NASHVILLE, Tenn. (AP) — So you want proof the NFL is an aerial circus? Try the second round of the draft.
And some of the third.
Of Friday night’s first 32 picks, 11 were defensive backs charged with holding down pass catchers, of which seven were chosen. Plus another seven offensive linemen charged with protecting the guys who throw the ball.
Only one of those, Drew Lock of Missouri, was taken in Round 2, going to Denver 42nd overall after the Broncos traded up with Cincinnati to get Lock. Some projections had him going in the opening round.
“Certainly. It certainly does,” Lock said when asked about being even more motivated to prove himself now that he slipped so far; the previous quarterback selected was Dwayne Haskins at 15th.
“I know the kind of player I am. I know the kind of player I’m going to be. This adds a little chip to the shoulder bigger than the one that’s already on there.”
Many players might have that outlook, thinking they belonged in the opening round. Such as tackle Jawaan Taylor of Florida and guard Cody Ford of Oklahoma, who were on hand for the draft and had to wait much longer than other prospects.
“It was a little devastating,” Taylor said of being ignored Thursday before the Jaguars grabbed him. “I just have so much confidence in myself and I have high expectations for myself. I feel like I have something to prove … so I’m just looking forward to seeing what happens next.”
As is Ford, who now belongs to Buffalo, which like Jacksonville traded up for the blocker.
“I came back tonight because last night was a terrible disappointment,” Ford explained. I’ve worked so hard to walk across that stage, I didn’t want to leave and regret not being able to do that opportunity.”
The defensive big guys dominated the opening round, then there was much more of a mix on Friday. Again, the SEC had the most picks with 13 in the second round, another six in the third, on top of the nine the previous night.
“In the SEC, I had 35 career starts,” Taylor said. “I left a year early, but I feel like I was ready and prepared to play in the NFL because I played against a lot of great competition. Definitely playing at Florida, playing in such a great conference, prepared me for this role.”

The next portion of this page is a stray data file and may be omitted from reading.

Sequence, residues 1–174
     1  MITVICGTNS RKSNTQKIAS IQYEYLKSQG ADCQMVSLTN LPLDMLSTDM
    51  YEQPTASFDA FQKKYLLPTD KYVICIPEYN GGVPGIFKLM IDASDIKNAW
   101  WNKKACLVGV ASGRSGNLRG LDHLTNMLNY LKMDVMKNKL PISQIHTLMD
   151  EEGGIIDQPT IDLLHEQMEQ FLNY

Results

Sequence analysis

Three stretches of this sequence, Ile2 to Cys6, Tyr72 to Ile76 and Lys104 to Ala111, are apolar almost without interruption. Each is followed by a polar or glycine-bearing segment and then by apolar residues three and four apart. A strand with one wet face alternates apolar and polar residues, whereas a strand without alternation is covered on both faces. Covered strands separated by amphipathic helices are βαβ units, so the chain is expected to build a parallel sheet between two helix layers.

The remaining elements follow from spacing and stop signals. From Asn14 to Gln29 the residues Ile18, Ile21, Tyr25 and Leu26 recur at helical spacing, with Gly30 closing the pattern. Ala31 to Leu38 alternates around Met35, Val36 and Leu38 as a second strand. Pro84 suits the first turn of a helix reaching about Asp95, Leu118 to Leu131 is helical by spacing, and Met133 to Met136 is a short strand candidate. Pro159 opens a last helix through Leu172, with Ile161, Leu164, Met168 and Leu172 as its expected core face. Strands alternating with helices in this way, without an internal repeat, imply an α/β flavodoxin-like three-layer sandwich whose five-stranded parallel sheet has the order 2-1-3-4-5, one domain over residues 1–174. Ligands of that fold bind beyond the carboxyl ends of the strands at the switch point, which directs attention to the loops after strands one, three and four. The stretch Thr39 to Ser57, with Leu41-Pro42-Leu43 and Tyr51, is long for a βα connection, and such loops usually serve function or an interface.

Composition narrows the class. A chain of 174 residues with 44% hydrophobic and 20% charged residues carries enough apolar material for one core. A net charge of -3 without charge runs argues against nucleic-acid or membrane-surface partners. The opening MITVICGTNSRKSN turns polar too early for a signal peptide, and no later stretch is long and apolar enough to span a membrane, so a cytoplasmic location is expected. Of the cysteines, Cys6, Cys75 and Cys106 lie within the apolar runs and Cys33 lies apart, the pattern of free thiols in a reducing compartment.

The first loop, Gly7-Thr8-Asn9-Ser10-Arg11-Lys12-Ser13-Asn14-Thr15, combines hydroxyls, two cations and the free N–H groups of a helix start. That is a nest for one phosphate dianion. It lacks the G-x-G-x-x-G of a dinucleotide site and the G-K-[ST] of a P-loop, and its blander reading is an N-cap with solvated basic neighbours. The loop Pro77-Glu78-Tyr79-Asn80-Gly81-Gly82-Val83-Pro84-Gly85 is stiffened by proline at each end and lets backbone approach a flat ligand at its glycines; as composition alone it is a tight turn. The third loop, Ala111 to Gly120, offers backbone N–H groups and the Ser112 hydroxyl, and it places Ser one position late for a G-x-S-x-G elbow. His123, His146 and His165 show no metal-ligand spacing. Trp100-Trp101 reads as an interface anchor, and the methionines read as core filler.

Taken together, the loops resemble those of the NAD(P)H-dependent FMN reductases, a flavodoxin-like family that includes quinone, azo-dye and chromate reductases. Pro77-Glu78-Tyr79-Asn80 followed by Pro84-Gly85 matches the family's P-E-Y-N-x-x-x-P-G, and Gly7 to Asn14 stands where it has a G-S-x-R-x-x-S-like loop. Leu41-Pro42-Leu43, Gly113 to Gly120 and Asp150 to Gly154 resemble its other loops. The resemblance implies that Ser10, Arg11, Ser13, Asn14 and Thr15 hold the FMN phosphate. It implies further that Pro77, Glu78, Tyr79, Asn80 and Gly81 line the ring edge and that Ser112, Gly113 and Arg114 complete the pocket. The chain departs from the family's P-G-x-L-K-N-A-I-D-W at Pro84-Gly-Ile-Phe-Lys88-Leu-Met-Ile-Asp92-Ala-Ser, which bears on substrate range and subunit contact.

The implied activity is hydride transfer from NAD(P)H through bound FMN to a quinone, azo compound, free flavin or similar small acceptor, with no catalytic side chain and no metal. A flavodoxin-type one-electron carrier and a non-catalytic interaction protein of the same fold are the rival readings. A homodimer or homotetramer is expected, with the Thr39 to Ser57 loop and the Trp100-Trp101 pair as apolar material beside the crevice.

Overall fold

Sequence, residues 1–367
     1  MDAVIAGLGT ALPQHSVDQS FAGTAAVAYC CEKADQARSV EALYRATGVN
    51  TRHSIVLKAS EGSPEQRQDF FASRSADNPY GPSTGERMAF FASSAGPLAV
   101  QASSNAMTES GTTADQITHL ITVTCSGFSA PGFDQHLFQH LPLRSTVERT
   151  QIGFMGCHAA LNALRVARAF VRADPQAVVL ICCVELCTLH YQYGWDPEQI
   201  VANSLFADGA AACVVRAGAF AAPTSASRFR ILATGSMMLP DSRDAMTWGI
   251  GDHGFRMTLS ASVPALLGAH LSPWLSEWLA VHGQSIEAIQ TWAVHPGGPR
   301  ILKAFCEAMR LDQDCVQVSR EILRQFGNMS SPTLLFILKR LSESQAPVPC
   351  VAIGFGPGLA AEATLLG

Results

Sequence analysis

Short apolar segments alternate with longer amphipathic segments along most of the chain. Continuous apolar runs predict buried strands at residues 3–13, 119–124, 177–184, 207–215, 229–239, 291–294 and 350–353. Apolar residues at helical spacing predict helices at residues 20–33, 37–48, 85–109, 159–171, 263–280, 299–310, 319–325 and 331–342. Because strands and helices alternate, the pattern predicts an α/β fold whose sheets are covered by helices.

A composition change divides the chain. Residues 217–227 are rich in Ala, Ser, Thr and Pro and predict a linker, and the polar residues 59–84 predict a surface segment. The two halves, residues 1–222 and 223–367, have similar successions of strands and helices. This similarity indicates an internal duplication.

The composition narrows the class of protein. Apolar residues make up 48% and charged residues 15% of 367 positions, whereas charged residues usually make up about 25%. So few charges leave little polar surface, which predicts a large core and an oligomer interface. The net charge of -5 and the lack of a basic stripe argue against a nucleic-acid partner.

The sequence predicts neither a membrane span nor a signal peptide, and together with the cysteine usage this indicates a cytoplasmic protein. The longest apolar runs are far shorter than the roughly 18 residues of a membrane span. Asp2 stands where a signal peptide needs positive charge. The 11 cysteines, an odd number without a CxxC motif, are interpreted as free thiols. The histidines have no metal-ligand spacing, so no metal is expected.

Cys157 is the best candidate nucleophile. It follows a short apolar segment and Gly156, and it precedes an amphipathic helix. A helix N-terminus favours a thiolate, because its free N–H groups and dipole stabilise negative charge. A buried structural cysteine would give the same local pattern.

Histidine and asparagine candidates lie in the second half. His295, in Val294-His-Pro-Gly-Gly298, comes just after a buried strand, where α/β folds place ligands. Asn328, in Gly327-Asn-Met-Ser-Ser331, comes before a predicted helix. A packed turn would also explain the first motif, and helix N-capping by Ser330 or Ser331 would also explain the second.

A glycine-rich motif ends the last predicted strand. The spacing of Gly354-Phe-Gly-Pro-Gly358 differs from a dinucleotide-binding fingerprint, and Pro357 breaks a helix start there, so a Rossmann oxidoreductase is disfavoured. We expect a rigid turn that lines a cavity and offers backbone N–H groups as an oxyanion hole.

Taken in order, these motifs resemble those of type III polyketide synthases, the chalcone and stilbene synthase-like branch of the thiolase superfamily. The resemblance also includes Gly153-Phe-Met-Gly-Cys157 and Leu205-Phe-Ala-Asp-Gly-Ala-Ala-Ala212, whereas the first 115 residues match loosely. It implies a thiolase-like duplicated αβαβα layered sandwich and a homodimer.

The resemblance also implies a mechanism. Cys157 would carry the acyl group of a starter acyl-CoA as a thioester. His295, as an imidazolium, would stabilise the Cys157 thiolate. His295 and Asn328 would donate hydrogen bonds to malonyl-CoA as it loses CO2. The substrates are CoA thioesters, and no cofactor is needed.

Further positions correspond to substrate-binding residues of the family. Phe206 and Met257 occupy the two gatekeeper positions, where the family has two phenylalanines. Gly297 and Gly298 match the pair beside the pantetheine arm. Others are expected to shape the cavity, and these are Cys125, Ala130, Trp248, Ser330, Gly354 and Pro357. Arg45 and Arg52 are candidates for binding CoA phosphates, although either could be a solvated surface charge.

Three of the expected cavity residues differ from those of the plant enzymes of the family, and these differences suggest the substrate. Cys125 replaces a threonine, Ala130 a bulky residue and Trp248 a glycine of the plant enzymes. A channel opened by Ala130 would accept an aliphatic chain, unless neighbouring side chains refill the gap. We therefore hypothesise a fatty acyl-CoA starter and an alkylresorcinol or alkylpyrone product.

The second round began with cornerbacks Byron Murphy of Washington and Rock Ya-Sin of Temple going to Arizona and Indianapolis respectively.
A bit later, that run continued with Central Michigan’s Sean Bunting, Clemson’s Trayvon Mullen, Vanderbilt’s JoeJuan Williams, LSU’s Greedy Williams — at one point considered the top defensive back in this crop — and Utah safety Marquise Blair.
It didn’t subside until safety Juan Thornhill of Virginia went to the Chiefs on the penultimate selection in the second round.
One spot later, Seattle moved up for Mississippi WR DK Metcalf, who was rated by some the best wideout in this group.
Arizona finally pulled off the trade of QB Josh Rosen, expendable because the Cardinals took Oklahoma’s Kyler Murray to start proceedings on Thursday night. Miami sent the 62nd overall spot to the desert for Rosen, a first-rounder a year ago.
The Cardinals opted for UMass receiver Andy Isabella with that pick.
Other than Lock, the only quarterback chosen Friday was West Virginia’s highly productive Will Grier to Carolina at No. 100, two spots from the end of the night.
Teams began branching out in the third round — the final four rounds will take place Saturday — with running backs getting some attention. But not too many: four, making for a measly six overall. Alabama’s Josh Jacobs went in the opening round, and teammate Damien Harris did so in the third. Penn State’s Miles Sanders was the only RB drafted in Round 2, by Philadelphia.
Still available are North Carolina State quarterback Ryan Finley, and All-Americans tackle Mitch Hyatt of Clemson, guards Beau Benzschawel of Wisconsin and Bunchy Stallings of Kentucky, linebacker Ben Burr-Kirven of Washington, and safety Deionte Thompson of Alabama.
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